The ominous subtitle of Eric Schlosser’s bestselling “Fast Food Nation” is “The Dark Side of the American Meal.” There is one food poisoning and contamination scare after another from beef to spinach to peanut butter to ground turkey. The latest is cantaloupes. You know the line, “It must have been something I ate.” Indeed. The Centers for Disease Control and Prevention estimates that food safety problems now account for roughly 76 million illnesses, 325,000 hospitalizations and 5,000 deaths annually. The growth of local food, community gardens, closer to home food networks, community supported agriculture subscriptions, and farmers’ markets are increasingly popular alternatives to industrialized agriculture. At the same time the economic crisis limits choices for many families. The healthiest foods can be costly. How can we create a sustainable and affordable food system?
Joel Salatin is a pioneer of chemical-free farming and an advocate of local food. He runs the Polyface Farm in Virginia. He is featured in the bestseller Omnivore’s Dilemma and the Oscar-nominated documentary Food Inc., as well as Fresh: The Movie.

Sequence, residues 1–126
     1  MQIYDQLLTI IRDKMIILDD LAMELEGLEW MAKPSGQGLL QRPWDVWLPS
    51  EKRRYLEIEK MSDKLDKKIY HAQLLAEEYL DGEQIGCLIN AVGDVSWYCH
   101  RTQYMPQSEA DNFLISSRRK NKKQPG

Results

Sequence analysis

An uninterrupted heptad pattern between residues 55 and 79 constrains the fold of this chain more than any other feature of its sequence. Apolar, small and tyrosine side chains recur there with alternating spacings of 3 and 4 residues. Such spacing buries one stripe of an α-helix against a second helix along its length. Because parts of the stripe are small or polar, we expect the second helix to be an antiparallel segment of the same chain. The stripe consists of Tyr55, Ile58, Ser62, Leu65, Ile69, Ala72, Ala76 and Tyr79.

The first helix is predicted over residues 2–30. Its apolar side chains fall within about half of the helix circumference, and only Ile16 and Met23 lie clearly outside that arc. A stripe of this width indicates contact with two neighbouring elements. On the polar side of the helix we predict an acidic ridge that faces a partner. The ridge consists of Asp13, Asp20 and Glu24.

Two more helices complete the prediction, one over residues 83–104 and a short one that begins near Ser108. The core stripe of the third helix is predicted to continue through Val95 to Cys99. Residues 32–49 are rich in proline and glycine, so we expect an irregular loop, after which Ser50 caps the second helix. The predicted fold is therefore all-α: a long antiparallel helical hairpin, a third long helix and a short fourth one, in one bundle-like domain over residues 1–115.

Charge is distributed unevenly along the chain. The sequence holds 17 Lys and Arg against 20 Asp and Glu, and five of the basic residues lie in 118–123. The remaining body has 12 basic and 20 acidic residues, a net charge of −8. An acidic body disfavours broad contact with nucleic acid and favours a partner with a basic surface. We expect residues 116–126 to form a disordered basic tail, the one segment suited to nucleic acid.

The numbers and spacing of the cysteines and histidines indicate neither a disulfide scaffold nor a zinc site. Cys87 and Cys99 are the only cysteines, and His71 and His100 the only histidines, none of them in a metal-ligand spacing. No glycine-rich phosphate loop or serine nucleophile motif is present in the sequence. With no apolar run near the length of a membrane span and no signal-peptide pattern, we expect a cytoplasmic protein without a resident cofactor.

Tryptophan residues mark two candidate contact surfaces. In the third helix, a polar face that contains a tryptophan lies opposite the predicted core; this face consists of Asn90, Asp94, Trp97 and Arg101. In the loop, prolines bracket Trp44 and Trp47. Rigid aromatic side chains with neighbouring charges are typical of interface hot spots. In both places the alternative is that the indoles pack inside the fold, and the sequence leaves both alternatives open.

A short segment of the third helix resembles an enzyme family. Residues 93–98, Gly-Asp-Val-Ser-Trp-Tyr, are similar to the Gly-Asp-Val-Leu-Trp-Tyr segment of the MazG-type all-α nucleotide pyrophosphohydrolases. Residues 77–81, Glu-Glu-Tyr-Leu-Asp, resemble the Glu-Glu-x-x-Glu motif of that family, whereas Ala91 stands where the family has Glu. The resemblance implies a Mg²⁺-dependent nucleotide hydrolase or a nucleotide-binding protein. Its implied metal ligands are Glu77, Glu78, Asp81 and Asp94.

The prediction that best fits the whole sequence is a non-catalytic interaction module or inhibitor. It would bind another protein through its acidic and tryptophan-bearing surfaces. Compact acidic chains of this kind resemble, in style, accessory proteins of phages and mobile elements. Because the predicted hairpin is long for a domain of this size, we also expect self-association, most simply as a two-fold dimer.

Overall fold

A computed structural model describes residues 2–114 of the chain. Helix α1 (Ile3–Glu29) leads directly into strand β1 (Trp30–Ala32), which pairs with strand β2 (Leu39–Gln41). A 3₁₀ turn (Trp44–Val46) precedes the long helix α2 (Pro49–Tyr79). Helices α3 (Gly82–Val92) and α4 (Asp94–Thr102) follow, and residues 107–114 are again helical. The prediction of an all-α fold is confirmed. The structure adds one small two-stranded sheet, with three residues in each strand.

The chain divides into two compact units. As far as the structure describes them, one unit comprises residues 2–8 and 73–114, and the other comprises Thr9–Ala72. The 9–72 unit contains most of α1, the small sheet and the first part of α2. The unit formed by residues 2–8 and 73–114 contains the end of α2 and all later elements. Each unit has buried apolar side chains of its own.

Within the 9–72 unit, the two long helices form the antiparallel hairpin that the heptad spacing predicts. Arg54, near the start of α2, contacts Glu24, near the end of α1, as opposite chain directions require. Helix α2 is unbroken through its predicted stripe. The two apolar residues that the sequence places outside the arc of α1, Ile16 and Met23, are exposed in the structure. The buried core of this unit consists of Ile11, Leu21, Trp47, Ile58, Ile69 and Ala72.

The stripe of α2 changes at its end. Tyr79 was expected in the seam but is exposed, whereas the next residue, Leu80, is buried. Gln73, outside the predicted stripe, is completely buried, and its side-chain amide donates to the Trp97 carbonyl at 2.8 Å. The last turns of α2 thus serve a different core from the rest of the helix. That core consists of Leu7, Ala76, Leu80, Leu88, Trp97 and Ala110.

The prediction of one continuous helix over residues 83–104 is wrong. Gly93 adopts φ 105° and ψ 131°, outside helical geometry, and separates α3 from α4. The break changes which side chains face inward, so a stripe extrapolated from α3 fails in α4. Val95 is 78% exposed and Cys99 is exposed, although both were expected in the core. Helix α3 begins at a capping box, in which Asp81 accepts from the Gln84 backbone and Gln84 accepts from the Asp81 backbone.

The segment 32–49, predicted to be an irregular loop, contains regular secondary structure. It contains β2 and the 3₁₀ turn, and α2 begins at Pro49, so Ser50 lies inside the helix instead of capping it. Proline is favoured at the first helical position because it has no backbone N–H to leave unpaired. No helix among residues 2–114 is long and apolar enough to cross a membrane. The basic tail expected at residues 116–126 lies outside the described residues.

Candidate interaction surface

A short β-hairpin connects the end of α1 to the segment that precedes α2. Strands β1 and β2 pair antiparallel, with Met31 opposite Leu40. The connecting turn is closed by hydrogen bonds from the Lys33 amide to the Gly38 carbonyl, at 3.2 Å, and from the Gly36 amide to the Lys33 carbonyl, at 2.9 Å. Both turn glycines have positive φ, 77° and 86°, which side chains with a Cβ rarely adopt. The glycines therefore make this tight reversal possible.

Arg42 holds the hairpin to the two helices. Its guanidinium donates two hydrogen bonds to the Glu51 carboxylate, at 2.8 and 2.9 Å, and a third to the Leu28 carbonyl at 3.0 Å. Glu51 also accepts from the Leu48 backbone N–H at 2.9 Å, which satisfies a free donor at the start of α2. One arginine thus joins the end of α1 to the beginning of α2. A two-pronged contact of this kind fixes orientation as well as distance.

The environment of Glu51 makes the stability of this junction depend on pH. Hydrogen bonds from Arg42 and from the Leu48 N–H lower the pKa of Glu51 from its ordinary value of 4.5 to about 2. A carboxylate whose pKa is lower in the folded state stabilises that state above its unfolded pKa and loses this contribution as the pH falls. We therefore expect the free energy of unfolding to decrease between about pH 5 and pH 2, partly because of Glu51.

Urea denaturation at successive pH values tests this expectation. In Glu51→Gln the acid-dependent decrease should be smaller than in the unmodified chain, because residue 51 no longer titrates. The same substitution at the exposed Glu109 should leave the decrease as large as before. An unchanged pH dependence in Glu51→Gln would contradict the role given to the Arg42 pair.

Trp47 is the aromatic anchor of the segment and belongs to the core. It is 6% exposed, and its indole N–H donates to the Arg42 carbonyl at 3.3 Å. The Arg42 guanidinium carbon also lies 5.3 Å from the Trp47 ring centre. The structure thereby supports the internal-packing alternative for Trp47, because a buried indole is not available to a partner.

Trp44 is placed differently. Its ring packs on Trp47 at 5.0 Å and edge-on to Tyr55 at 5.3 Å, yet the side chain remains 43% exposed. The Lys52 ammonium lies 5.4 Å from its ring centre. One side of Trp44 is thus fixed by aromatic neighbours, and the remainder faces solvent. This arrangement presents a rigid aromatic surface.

Tonight, leaving the city, I was once again reminded of the dangers of TV. I also was reminded of the policing of food, and found it amusing that the right to eat whatever one needs to get the energy to go shoot, pray and preach, is not that well protected. Good job Joel. I am a true believer of chemical free / non processed food, and intend to pass that on to my kids.
What a joy to hear this funny and inspiring talk. There should be a word for the experience of being awakened by old ideas stated in new ways. Whatever that word is, that’s what I experienced listening to this. It ends up being revelatory and invigorating. One thought: “Homes have to become the center of life instead of pit stops on the way to other things that are more important. Until we do that we will never move forward with this localization agenda.” We need to reclaim the production of our food and it’s just not that hard. Start with just one thing, he recommends, and you’ll make a difference. Grow something. It will be a healing experience, for you, for the earth.